The Congressional Research Service suggests the greatest impact of the medical device tax will be on consumer prices, not profits of medical device companies. The effect on the price of health care, however, will most likely be negligible because of the small size of the tax and small share of health care spending attributable to medical devices.
Employment Effects of the New Excise Tax on the Medical Device Industry
Diana and Harold Furchtgott-Roth estimate the potential effect of the device tax on employment in the medical device industry. They find the tax could reduce employment in the industry by cutting back on the demand for medical devices and encouraging American firms to shift production overseas.
The ACA Medical Device Tax: Bad Policy In Need of Repeal
Tax Foundation economist Kyle Pomerleau argues the medical device tax will distort the medical device industry, likely increasing health care prices for consumers, lowering employment, and reducing innovation. He also notes the tax is complex and creates additional compliance costs for firms. These consequences bolster the argument for the permanent repeal of the tax, he concludes.
Heartland Daily Podcast: The Harmful Effects of the Medical Device Tax
In this Heartland Daily Podcast, Steve Stanek interviews Kyle Pomerleau, an economist for the Tax Foundation’s Center for Federal Tax Policy, about the harmful effects of ACA’s medical device tax.
Analysis: Prominent Democrats Call for Medical Device Tax Repeal
Ryan Ellis, tax policy director at Americans for Tax Reform, argues the medical device tax is not an excise tax but a gross revenue tax. Ellis cautions this makes the tax even more burdensome on medical device manufacturers because even if a company loses money, it still has to pay 2.3 percent of its revenues, thus imposing a tax of up to 50 percent on top of the regular income tax.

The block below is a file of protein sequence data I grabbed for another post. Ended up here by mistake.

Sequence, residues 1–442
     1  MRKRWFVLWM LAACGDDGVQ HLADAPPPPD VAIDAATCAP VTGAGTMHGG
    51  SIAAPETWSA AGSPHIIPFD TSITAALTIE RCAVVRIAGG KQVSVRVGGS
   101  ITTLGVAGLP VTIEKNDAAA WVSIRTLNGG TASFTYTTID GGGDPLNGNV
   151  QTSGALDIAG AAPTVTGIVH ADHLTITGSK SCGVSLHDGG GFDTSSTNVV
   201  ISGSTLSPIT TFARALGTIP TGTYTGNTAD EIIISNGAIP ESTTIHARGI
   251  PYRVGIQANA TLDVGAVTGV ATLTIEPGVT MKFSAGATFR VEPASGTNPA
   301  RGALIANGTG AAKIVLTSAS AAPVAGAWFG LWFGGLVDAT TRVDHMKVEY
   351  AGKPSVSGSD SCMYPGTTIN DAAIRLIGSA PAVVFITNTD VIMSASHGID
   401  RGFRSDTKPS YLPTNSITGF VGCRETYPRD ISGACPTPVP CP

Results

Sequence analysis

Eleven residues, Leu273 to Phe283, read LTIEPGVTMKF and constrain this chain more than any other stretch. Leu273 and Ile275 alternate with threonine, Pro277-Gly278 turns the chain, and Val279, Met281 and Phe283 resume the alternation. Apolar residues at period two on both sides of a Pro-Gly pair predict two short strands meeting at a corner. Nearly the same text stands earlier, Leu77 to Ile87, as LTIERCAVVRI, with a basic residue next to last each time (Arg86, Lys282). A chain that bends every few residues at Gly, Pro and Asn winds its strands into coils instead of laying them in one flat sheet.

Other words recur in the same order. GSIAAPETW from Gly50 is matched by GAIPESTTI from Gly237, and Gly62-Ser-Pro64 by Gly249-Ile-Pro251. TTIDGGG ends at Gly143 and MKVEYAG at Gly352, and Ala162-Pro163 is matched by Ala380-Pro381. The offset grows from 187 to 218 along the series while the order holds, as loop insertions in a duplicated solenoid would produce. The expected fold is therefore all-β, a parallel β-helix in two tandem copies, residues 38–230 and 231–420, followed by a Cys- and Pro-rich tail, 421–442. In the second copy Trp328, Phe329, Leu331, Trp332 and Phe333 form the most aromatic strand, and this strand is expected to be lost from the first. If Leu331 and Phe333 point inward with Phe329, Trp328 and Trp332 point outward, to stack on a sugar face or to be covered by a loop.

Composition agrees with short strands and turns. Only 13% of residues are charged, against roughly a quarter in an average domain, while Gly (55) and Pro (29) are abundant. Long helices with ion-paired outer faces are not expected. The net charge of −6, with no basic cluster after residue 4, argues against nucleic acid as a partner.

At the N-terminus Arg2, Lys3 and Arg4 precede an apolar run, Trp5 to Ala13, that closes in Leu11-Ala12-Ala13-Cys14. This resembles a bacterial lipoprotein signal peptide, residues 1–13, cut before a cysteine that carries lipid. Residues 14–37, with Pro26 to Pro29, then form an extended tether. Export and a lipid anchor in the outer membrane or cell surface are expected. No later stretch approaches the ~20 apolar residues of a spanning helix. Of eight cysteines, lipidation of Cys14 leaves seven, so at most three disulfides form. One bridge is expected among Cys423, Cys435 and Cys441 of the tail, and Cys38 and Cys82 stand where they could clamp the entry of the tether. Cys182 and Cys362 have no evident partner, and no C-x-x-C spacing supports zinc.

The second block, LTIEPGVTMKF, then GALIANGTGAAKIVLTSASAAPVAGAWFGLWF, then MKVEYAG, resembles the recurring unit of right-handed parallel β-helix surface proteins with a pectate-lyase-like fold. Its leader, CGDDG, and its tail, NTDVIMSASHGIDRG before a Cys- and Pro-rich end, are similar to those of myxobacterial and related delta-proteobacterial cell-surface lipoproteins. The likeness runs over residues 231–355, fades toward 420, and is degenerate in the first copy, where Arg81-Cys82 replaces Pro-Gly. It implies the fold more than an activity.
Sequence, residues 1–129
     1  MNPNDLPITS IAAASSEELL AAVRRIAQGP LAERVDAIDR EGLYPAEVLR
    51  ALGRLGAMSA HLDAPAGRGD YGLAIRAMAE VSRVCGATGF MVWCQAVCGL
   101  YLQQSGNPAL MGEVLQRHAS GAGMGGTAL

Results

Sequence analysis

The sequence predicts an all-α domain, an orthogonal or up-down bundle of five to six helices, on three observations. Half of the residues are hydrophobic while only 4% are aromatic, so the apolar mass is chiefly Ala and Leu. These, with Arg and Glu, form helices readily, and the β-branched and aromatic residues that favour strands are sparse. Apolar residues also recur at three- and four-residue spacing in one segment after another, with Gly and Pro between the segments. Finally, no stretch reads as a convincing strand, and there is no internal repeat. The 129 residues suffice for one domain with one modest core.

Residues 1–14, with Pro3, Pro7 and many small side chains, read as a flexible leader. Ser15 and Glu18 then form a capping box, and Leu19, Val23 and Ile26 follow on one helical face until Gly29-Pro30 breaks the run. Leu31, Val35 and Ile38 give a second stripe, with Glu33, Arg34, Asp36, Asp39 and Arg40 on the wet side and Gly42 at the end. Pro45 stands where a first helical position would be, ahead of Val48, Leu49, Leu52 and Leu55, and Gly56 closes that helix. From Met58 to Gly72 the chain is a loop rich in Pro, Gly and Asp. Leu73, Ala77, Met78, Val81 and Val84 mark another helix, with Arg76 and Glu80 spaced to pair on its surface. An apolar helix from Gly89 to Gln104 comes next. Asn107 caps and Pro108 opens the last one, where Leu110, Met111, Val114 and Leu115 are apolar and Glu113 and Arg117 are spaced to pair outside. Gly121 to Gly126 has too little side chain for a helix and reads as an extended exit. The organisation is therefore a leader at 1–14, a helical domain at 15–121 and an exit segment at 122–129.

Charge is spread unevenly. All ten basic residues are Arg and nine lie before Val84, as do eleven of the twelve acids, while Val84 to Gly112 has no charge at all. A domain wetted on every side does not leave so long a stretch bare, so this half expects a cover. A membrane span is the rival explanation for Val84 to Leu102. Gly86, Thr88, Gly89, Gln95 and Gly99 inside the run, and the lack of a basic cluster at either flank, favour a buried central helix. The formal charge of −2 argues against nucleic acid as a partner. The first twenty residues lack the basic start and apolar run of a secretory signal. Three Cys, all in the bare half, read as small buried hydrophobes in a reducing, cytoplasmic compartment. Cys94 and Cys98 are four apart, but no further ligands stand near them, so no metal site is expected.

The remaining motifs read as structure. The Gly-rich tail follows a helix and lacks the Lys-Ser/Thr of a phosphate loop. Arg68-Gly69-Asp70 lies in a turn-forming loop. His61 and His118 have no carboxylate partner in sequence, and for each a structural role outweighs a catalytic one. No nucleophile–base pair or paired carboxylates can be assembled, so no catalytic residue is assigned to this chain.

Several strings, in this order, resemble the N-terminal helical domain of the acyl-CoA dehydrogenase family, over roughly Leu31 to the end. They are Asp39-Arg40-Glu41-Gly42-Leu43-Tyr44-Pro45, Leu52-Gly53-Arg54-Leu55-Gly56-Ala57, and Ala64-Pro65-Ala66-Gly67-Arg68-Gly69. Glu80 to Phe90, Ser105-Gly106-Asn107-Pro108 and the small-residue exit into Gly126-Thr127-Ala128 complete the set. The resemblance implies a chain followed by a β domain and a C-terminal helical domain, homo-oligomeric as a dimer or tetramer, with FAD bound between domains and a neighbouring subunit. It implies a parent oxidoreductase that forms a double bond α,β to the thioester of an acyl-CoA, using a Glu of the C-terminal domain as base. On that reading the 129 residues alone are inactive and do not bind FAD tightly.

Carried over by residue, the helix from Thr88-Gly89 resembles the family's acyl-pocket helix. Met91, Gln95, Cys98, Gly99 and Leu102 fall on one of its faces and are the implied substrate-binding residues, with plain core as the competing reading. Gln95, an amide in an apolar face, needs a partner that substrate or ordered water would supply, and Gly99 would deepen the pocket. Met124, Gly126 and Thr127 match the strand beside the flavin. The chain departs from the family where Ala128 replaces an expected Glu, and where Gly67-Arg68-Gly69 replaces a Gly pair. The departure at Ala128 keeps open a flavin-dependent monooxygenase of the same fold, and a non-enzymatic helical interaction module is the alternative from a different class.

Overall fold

The Medical Device Tax Hurts Weak, Strong, Sick and Healthy
Diana and Harold Furchtgott-Roth ague the medical device excise tax is especially harmful to companies that innovate.
Buyer’s Remorse over Medical Device Tax
Greg Sorensen, chief executive officer of Siemens Healthcare North America, writes in The Hill about the effect of the medical device tax on the health care industry and calls for reform.
Broad Coalition Urges Congressional Leaders to Repeal Medical Device Tax
This article describes a letter to Congress from a broad coalition of medical technology companies and leading associations urging Congress to repeal the medical device tax, which they argue suppresses innovation and reduces patient care. “If this tax is not repealed, it will continue to force affected companies to consider cutting manufacturing operations, research and development, and employment levels to recoup the lost earnings due to the tax. It will also adversely impact patient access to new and innovative medical technologies,” the letter states.
Medical Device Makers Shift Excise Tax Cost to Hospitals
Accounting Today examines evidence suggesting some medical device manufacturers are shifting the burden of the medical device excise tax directly to U.S. hospitals and other health care providers.
The Economic Impact of the Medical Device Excise Tax
Writing for the American Action Forum, Michael Ramlet, Robert Book, and Han Zhonge estimate the full economic impact of the medical device tax on medical device industry employment, investigate the effect of the tax on startups and small businesses, and evaluate the implications for U.S. leadership in the medical device industry.
Nothing in this Research & Commentary is intended to influence the passage of legislation, and it does not necessarily represent the views of The Heartland Institute. For further information on this subject, visit Health Care News at http://news.heartland.org/health, The Heartland Institute’s website at http://heartland.org, and PolicyBot, Heartland’s free online research database at www.policybot.org.